That recoil spring is what keeps the gun shut while it fires. The gun is hammer-fired, but it cannot be cocked as the hammer is recessed into the frame, making the gun double action only. One long pull of the trigger fires the gun. This long trigger pull functions as a safety for carry purposes.
A few features on the Seecamp remind me of the Walther P38, the handgun used by Ludwig Seecamp during World War II. The Seecamp borrows an open-top slide, the double-action trigger principle, and a heel-style magazine release from that classic German pistol.
Seecamp LWS 25 Pistol On The Range
I’ve been a fan of the 25 ACP cartridge for years, despite the round’s very light ballistics. I was excited to have another 25-caliber pistol in the wheelhouse. So for the Seecamp, I assembled my ammunition to include Remington UMC and Fiocchi 50 grain full metal jacket rounds as well as Hornady XTP, Fiocchi Extrema, and Speer Gold Dot 35 grain hollow-points.
On the range, the Seecamp had its own quirks that bore out on its performance. The pistol came with only one magazine, which is a bit of annoyance. I think the Seecamp should come with two magazines. It would go a long way to reloading quickly and it would have saved my thumbs too. Loading the sixth round into the magazine was a little tough, but most pocket pistol magazines are a little tough.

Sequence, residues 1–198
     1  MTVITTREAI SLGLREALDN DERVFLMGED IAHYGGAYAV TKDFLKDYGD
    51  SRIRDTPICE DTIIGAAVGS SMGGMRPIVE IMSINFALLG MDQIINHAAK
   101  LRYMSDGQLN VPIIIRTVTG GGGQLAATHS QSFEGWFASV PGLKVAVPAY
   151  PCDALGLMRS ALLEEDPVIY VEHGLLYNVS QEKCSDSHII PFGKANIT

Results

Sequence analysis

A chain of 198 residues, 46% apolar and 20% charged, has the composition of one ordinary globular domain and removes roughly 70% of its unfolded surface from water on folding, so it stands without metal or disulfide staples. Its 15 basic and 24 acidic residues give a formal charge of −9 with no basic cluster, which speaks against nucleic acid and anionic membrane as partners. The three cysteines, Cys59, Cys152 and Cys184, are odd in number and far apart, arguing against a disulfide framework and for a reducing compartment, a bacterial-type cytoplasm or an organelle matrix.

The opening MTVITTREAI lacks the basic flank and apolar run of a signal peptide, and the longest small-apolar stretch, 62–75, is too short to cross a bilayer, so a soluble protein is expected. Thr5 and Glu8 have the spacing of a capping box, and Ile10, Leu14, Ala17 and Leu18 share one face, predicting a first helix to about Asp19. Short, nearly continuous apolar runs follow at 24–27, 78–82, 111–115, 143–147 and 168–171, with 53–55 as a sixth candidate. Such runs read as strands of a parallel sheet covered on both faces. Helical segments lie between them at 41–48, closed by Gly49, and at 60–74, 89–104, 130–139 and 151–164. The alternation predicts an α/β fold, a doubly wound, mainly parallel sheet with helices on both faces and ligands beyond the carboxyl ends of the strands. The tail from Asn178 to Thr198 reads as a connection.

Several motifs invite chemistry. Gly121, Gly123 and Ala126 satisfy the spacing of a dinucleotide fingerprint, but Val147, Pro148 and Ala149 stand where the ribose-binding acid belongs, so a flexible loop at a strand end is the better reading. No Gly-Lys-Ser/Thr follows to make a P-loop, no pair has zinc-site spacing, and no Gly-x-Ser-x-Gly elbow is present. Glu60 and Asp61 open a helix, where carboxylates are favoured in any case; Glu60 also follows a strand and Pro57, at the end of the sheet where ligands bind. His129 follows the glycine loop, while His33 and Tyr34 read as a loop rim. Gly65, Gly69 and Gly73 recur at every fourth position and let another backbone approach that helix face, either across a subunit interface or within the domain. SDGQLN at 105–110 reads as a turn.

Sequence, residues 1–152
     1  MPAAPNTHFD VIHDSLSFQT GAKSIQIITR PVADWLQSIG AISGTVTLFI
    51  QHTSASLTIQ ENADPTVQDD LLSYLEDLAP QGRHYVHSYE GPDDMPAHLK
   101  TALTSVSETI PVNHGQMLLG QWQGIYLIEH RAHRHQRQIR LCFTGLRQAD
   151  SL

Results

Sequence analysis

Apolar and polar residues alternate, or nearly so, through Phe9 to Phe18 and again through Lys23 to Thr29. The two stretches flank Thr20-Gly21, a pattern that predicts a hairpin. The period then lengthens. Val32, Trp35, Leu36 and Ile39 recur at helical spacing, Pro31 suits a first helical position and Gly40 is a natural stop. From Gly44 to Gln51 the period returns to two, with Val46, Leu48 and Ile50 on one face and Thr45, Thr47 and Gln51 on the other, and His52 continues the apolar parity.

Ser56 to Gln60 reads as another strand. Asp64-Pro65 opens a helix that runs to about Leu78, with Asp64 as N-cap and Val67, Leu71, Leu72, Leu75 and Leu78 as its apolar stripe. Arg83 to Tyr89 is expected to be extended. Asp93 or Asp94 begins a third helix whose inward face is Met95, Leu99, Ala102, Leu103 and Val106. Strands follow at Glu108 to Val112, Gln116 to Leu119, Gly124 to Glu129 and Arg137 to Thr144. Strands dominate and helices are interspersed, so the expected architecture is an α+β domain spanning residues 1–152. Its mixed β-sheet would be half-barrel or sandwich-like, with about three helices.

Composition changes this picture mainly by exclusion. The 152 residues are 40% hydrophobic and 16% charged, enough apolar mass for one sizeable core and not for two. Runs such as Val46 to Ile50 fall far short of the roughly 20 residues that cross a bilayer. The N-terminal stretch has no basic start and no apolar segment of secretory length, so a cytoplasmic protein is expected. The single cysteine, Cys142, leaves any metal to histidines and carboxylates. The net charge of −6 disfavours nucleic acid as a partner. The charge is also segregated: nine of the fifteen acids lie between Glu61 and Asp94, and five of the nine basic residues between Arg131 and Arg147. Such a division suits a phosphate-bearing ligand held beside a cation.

Loading the pistol involves inserting the magazine and letting the heel catch lip over it. Rack the slide and let it go. I aimed at my seven-yard target and let fly. And when I say aimed, I mean lining up the top of the pistol’s slide with the target, holding low, and yanking the trigger as fast as I could. I got four shots on that twelve-inch bullseye in two seconds. The other two were not far off.
After that bit of tomfoolery, I went for accuracy at that distance. I fired as fast as I thought I could hit the small three-inch circles. I was rewarded, at best, with a 2.5-inch group, though 4-6 is more typical.